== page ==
King Guaire, with characteristic generosity, not only granted the required site for the cathedral and monastery, but granted also large endowments for its future maintenance. This was not all. His Majesty sent several teams of oxen to procure the necessary materials. He sent numerous labourers and skilled artisans to carry out the work.There can be no doubt that the date of the foundations at Kilmacduagh was A.D. 610.

But while his diocese rejoiced in the blessings which his labours and presence brought them, he was himself filled with a consciousness of his own unworthiness, and he longed to be free from the lieavy burden of the episcopal charge. He was weary of the praises of men, and lie wished to hide himself in solitude once more, and there await his approaching dissolution. Even during the years of his public labours, his mind frequently went back to his beloved solitude in Burren. He treasured the memory of those happy days which he spent there, with no intenuption which might divert his thoughts from the contemplation of holy things. For him there was society in solitude; and in the "pathless woods," there was enduring attractiveness, for he could there commune without interruption with his Maker.

As he well knew, the Burren forests sheltered many a lonely glen; and he knew from experience their fitness for a life of austerity and prayer. They seemed to invite him once more ; and at length he resolved to retire thither, and hide himself from the praises and admiration of all.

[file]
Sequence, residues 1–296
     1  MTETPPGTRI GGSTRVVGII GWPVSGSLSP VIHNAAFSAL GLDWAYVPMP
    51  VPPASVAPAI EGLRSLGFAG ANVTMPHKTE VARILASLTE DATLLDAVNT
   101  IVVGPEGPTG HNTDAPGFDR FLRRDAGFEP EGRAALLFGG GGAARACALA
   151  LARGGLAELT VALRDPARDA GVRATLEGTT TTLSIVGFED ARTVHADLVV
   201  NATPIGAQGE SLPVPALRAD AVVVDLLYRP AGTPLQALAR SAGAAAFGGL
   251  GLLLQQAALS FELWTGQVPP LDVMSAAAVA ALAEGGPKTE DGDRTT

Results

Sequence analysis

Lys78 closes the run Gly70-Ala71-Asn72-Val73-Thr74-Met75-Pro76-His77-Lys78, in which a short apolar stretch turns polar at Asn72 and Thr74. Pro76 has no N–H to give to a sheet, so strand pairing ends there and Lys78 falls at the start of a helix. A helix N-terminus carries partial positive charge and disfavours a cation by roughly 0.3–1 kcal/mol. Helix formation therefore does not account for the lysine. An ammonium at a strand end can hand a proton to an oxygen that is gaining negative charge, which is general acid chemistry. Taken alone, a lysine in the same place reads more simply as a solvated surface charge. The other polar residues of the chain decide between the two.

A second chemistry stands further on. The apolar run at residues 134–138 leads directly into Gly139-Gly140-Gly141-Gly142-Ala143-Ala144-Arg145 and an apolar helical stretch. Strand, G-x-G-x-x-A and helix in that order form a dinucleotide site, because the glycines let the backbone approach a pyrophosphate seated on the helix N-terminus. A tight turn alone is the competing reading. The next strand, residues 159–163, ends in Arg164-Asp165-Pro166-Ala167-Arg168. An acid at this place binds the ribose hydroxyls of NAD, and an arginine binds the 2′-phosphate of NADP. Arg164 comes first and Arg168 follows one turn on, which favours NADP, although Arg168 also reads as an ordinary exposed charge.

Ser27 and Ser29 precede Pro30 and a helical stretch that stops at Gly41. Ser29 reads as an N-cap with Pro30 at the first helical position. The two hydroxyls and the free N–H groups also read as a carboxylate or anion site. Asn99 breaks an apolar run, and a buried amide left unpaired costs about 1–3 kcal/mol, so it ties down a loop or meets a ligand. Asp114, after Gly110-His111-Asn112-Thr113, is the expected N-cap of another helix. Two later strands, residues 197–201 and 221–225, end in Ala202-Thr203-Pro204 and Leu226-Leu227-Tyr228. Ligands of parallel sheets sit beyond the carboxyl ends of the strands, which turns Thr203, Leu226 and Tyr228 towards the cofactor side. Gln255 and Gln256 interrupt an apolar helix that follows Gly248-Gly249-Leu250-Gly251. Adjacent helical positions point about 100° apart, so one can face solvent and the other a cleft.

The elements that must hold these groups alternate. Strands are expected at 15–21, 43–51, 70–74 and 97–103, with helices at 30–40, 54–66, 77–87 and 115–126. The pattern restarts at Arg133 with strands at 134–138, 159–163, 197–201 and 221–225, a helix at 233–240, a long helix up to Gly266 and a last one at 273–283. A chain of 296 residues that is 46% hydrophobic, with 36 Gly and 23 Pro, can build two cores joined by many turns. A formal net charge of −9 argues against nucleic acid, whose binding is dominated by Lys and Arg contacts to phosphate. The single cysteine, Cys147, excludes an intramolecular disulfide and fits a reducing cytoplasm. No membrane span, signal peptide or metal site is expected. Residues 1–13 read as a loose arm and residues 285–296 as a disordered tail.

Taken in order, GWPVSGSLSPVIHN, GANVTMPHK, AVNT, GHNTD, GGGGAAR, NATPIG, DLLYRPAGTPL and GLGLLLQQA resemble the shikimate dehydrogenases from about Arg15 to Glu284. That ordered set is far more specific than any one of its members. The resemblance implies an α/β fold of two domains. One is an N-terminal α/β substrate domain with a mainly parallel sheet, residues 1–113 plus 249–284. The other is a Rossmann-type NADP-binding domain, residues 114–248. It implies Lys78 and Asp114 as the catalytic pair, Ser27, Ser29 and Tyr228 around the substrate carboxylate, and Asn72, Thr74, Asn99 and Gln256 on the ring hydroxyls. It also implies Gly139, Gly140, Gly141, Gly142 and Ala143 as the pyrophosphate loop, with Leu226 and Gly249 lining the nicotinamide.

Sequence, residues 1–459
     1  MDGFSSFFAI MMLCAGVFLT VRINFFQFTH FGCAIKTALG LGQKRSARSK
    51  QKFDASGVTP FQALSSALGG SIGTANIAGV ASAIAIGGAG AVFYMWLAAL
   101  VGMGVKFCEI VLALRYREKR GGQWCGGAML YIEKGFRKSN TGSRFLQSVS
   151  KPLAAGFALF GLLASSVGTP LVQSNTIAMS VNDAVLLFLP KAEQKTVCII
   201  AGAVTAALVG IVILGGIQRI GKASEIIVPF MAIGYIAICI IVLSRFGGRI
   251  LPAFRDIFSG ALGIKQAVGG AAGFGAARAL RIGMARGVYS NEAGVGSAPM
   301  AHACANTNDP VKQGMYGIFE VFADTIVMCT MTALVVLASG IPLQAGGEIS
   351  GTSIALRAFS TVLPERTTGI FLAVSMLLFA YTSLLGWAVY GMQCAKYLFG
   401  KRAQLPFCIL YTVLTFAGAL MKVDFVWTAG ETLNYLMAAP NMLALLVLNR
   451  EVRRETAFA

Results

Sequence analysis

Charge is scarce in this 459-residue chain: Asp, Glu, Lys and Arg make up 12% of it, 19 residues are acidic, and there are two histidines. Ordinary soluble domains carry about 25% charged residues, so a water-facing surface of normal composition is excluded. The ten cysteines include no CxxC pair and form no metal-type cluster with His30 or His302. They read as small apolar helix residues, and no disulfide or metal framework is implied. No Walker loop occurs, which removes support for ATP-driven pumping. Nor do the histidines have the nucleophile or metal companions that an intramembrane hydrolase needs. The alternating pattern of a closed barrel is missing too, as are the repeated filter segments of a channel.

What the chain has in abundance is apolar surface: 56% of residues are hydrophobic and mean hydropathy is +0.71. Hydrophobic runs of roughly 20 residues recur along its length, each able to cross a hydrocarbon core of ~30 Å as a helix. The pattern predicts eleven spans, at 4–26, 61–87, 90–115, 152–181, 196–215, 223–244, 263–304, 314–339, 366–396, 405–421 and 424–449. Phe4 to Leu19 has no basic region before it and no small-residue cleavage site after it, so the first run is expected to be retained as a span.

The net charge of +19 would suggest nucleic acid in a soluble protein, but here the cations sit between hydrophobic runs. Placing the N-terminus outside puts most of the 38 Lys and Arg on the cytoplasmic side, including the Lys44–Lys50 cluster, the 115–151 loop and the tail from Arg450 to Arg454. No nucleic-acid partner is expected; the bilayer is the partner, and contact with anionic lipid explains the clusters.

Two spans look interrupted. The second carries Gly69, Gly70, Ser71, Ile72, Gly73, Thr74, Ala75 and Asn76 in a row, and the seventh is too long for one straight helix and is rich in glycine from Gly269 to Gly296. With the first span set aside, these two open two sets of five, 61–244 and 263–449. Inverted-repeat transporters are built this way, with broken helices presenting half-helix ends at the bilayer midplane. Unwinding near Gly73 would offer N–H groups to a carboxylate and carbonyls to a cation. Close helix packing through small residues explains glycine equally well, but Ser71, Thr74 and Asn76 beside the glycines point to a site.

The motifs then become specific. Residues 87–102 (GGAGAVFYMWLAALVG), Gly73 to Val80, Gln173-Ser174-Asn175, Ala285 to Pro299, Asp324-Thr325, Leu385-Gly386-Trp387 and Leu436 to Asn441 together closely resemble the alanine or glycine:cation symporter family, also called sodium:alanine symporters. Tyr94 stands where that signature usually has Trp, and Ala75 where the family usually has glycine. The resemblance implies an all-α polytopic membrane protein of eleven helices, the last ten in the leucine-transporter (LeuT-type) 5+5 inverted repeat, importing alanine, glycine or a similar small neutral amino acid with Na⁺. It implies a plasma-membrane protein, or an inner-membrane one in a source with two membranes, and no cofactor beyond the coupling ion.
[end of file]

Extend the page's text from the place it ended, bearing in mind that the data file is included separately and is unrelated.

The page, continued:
The little valley of Oughtmama was the secluded spot in which he chose to spend the remaining days of his life. It stands within the valley of Corcomroe, and not far from his former hermitage. The rugged mountains rise steeply round it, forming a girdle which completely hides it.

Here, then, in his beloved retirement, our Saint awaited his approaching dissolution with the assured confidence of the just. Indeed, the hour was near, when he was to be summoned to exchange a life of unceasing austerity and labour for a life of unending bliss. He longed to be dissolved and be with his God. Bequeathing his body to his cathedral church at Kilmacduagh, and leaving to his diocese the rich inheritance of his example and the fruits of his labours, he is believed to have yielded up his soul to his Maker on the 29th of October A.D. 632, in the pontificate of Honorius I.